First Day Back (well, on 8/7)… HOLY CHEEEZITS.

I wanna start this blog post with a request: STAY ON MY BEHIND if I don’t blog. I always say, “I’m gonna do better!” And then two weeks into school I just give up because it’s just too insane: coaching robotics (B.E.S.T. and F.I.R.S.T.), sponsoring Mu Alpha Theta, attending volleyball games (my son thinks the girls are hot… he’s nine… YEAH, pray for me), high school and college football season (#SECbaby), grading, etc. I can think of 1,000 excuses. Harass me. Yell at me. CURSE me if you have to. Just MAKE me blog. I will love you for it… eventually.

I should also warn you that my A.D.D. is in OVERDRIVE and I’m currently working on lesson plans, watching “How to Train Your Dragon”and “Restaurant: Impossible”, and blogging. So if I change tense or topics or tracks in mid-sentence… Surely if you’re reading this YOU KNOW ME and I don’t have to warn you what you’re getting into, right?

The first day back was crazy, but I got a “good luck!” text from my BFF @druinok to start my day (LOVE HER!!!). This wasn’t my first “First Day” rodeo (my 14th year), but when you switch administrators AND new ones come in, you just really don’t know what you’re gonna get. Our seniors were supposed to “parade” to school, eat breakfast as a group, then go to class. And we all know they follow directions, right?


They brought cowbells to school and RAN around school for at least 20 minutes. Wouldn’t be too bad if we had a senior class of 100 or 200… or even 300. But we have almost 400. It was CRAZY. How crazy? I ran out of band-aids from the blisters they had (I’m like “mom” to most of them) from ringing their cowbells. At one point, 15 of them burst into my classroom SWEATY and chased me around the room to hug me (I’ve known most of them since they were 12). I’m sure my sophomore Alg2 class was quite confused to see me running around them in heels trying to escape. But 10th graders are still kind of scared the first day, so that worked to my advantage.

Anyway, I have 2 classes of 10th grade Algebra 2 and one class of regular statistics. I know we’re “supposed” to teach rules and procedures on day one, but I’ve just never done that. If you do, I’m not judging you whatsoever. We all have our “jam” for what works for us, and “shocking their brains” works for me. I mean, let’s face it – I’m a shock to deal with on my own. I think the mix of that and being forced to think on the first day just works for me.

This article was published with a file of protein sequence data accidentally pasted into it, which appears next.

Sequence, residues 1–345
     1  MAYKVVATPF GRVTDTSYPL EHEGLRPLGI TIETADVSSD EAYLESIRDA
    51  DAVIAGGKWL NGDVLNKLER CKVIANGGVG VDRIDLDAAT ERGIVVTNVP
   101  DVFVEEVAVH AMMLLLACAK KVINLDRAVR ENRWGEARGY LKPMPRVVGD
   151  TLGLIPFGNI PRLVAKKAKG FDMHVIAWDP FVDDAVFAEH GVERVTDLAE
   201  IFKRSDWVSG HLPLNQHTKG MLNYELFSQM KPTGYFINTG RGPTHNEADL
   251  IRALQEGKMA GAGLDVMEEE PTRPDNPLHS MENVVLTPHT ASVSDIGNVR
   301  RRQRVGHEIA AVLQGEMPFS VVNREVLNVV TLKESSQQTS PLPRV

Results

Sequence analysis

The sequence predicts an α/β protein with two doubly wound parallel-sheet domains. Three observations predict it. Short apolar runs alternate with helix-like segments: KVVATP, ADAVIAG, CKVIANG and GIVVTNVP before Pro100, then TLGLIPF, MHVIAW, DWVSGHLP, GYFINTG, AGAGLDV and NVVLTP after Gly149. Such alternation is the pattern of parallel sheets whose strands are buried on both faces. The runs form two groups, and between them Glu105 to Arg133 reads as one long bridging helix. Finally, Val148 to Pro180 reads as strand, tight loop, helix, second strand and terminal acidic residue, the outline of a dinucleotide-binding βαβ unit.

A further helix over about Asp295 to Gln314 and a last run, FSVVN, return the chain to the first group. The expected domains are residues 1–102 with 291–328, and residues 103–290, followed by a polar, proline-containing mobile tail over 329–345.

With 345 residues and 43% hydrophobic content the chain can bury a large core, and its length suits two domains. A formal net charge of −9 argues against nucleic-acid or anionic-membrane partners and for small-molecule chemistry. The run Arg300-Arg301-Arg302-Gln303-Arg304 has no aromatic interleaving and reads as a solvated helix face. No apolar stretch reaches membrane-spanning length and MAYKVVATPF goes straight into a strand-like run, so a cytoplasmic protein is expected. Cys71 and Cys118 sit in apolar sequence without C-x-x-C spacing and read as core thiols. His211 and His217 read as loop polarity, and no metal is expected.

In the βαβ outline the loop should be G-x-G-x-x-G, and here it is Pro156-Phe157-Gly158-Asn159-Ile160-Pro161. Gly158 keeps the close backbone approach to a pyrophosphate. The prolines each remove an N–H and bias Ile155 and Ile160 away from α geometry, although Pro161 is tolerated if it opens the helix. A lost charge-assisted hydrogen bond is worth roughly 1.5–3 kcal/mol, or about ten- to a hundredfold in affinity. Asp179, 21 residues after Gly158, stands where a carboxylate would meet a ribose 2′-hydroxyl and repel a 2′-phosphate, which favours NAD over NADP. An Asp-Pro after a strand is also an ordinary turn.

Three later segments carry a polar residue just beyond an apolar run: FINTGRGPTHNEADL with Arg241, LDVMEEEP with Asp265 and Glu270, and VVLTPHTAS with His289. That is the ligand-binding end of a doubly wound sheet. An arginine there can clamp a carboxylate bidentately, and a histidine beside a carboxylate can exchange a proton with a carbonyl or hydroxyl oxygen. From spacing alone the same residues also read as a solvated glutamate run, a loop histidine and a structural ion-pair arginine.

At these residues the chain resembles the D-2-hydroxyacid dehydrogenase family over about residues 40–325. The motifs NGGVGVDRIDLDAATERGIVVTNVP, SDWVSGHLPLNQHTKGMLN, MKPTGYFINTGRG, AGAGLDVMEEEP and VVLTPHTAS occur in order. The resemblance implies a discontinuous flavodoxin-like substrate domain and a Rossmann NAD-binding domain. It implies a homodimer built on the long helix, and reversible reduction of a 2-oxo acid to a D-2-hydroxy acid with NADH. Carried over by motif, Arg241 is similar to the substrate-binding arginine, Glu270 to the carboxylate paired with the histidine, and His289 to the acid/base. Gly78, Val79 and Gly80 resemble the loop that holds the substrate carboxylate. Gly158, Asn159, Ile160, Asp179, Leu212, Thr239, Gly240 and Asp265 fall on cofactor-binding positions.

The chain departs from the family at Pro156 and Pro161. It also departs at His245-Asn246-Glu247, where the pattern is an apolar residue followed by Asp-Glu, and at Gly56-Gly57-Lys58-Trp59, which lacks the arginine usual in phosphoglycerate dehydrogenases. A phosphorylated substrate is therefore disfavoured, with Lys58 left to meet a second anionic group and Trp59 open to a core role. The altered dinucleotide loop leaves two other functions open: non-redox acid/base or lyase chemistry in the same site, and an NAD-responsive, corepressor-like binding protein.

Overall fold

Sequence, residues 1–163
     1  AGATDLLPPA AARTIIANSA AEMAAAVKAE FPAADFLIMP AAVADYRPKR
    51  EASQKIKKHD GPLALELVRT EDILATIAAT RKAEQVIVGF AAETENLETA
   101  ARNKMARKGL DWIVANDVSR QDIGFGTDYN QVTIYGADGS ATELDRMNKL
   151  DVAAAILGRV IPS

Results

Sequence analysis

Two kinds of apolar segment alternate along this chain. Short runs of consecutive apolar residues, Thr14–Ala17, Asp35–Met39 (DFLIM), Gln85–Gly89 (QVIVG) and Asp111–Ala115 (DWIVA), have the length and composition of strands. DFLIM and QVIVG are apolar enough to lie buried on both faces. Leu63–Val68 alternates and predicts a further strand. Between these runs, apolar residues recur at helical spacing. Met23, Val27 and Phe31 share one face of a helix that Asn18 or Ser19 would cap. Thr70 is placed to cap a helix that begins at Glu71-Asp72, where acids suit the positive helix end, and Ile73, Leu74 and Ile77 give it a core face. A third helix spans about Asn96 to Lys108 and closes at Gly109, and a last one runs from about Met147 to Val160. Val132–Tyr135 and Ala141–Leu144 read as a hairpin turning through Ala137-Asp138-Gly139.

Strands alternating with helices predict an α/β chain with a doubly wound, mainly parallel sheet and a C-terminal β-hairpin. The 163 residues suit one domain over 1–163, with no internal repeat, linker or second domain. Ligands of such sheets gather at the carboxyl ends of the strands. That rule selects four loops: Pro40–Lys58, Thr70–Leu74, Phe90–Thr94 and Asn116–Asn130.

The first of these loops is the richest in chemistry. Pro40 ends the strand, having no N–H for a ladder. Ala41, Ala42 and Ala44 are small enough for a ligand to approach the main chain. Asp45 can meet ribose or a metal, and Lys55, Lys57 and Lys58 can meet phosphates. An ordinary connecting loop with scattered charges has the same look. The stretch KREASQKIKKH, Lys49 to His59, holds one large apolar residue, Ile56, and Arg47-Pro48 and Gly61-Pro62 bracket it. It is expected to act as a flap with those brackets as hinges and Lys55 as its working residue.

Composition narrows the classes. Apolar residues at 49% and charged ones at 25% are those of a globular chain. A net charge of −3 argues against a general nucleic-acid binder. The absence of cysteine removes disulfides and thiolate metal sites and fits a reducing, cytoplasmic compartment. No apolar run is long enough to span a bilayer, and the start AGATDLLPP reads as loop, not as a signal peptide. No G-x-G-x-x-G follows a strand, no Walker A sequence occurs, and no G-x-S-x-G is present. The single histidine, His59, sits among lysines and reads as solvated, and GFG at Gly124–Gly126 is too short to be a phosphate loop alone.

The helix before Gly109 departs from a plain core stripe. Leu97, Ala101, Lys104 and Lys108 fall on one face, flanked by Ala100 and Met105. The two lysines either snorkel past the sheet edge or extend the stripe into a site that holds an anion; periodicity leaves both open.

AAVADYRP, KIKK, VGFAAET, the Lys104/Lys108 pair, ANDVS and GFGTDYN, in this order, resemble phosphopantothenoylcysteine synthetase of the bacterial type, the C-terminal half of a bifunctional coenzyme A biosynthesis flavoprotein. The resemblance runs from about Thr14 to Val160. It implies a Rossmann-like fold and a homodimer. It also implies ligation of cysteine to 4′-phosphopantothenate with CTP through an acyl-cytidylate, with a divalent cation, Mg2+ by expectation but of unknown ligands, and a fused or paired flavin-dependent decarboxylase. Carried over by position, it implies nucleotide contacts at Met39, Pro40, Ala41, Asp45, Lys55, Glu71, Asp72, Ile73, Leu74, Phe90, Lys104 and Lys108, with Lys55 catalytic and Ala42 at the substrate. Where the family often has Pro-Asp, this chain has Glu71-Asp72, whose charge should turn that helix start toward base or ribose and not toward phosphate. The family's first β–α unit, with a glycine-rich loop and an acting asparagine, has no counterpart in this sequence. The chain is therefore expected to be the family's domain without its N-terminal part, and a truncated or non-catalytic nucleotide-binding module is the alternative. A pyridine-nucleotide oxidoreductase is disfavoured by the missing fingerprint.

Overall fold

So Algebra 2 started class by filling out an index card that I store in a box on my desk. I keep their textbook checkout form, parent communication, and tardies in that box. On the card, I ask them for their 3 favorite songs – my way of creating their class playlist. I also like to shock them with my multiple-music-personality-disorder. They’re shocked at what lyrics I can quote.

Then we move to “the folders”.

Each folder is a different color, which represents the different groups in my classroom. Colors make sense for my brain, so that’s how I roll. The kids are in groups of 3-4 (desks are already in groups when they get there), introduce myself, the course (in case they’re in the wrong class – it happens), and we start. “I’m about to hand you a color folder that corresponds to your group. This is your group color for the rest of the 9-weeks. The first person from your group to get to class every day will come to the front of the room and grab the group folder, but there’s a catch: First rule about the folders? We DO NOT open them until Mrs. Hedge says so. Second rule about folders? We DO NOT open them until Ms. Hedge says so. And the third and FINAL rule about folders? WE DO NOT open them FOR ANY REASON until Ms. Hedge says so.” Yeah, it’s a throwback to “Fight Club“. (I love that movie – don’t judge me.)
So here’s the view once they do open the folder:

Left side of the folder comes first – I would love to say I know where I got this and I might figure it out eventually.

I did figure it out –>HERE they are. I’ve misplaced a page during the crazy, so all 20 aren’t there.